1 July- 8 August, Multilocation artwork
Abbey Street, Burnside Drive, Arbroath Bus Station, Hume Street, Dens Road, Arbroath.
Blueprints for Arbroath is a multi-location display of cyanotype textile artworks created by artist Jeni Read. Jeni uses modern images of Arbroath with 19th Century prints of the Caribbean to present the many stories and layers of history that connect Arbroath’s industrial heritage to the West Indies and transatlantic trade of enslaved people. These artworks will be situated around the town with the hope that they will open up conversations about our local history and the histories we share with the people of the Caribbean.
Artist led walk Saturday 10 July 11:00am
Meet outside Arbroath Abbey.
Join a group walk led by artist Jeni Reid. Hear about her artwork Blueprints for Arbroath which is exhibited across some of the post-industrial sites in Arbroath and discover how Arbroath’s history influenced the making and ideas behind the work.
Jeni Reid is a Friockheim based visual artist who works in the mediums of digital photography, cyanotype and textiles. She is the descendant of relatives who worked in the production of linen in Angus and has been researching the links between linen and slavery.
It was in Arbroath around 1738 that the very first Scottish Osnaburg was made, this is the coarse linen cloth that was exported to the West Indies to clothe enslaved people. Jeni represents the many stories and layers of history that connect these places in her work, using images of current day Arbroath and 19th Century prints of the Caribbean reproduced images with the permission of The British Library to create digital negatives. The negatives are printed onto large pieces of linen cloth using a technique called cyanotype which is one of the oldest forms of photographic printing.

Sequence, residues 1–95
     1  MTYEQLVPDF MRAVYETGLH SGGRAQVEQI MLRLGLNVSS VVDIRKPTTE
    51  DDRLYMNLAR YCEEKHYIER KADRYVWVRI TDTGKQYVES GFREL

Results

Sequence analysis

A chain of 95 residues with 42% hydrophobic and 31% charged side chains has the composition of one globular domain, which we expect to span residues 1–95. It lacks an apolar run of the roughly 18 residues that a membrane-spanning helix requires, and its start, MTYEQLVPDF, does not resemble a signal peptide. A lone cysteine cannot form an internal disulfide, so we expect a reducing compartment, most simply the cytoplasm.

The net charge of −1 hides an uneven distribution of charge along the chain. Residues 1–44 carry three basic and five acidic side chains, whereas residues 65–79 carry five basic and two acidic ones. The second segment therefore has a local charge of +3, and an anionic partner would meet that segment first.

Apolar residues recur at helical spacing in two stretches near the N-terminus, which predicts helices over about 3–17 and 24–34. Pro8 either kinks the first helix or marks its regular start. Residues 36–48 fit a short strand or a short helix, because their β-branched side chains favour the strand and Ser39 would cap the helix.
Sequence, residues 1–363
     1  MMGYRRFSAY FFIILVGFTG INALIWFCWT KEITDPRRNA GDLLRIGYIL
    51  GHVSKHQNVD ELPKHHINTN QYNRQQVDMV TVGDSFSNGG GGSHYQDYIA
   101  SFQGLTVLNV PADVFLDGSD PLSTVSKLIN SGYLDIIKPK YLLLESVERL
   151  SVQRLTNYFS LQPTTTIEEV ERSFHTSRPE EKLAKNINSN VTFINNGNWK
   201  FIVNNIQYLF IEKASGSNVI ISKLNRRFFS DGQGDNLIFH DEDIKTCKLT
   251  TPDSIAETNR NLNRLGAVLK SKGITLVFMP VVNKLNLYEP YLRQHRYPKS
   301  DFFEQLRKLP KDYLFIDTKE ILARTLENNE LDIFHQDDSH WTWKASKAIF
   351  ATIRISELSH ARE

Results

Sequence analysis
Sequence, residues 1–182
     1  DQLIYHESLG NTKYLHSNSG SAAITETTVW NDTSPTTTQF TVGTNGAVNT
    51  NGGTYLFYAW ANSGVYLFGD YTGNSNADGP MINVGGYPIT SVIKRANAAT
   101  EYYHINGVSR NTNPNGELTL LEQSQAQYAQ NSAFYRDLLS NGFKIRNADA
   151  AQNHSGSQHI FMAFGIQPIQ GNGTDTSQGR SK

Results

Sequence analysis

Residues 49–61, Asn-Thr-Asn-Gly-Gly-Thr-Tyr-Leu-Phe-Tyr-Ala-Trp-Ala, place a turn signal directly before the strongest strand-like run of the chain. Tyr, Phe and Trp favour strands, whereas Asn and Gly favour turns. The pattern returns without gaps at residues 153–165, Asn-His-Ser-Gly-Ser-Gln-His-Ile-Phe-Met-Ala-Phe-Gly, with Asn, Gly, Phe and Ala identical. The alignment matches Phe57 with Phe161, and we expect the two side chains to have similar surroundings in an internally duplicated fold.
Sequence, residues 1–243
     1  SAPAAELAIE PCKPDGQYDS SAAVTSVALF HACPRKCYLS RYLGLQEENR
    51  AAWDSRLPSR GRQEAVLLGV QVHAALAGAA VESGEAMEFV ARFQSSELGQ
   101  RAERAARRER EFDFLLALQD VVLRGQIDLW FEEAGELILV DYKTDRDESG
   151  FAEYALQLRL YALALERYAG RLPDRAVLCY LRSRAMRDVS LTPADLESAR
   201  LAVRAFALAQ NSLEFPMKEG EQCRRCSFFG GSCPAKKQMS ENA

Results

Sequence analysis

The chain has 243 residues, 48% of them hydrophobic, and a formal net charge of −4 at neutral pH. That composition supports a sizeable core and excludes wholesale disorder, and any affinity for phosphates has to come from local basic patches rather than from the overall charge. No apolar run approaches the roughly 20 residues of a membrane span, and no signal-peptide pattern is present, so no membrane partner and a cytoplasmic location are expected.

Cyanotypes are made by coating paper or fabric with a chemical solution. A negative is placed on top and the print is exposed to ultra-violet light either in the form of sunlight or UV lights. The finished image is a beautiful cyan blue and the technique was often used to create detailed drawings and technical plans; it is from the cyanotype process that the concept of blueprints gets its name.
Jeni’s Blueprints For Arbroath will be hung in public places in the town with the hope that they will open up conversations about our local industrial history and the histories we share with the people of the Caribbean.
The work exposes hidden histories and opens up conversation about this rarely talked about layer of community heritage to value and understand the area’s role in the transatlantic trade and the links to the West Indies.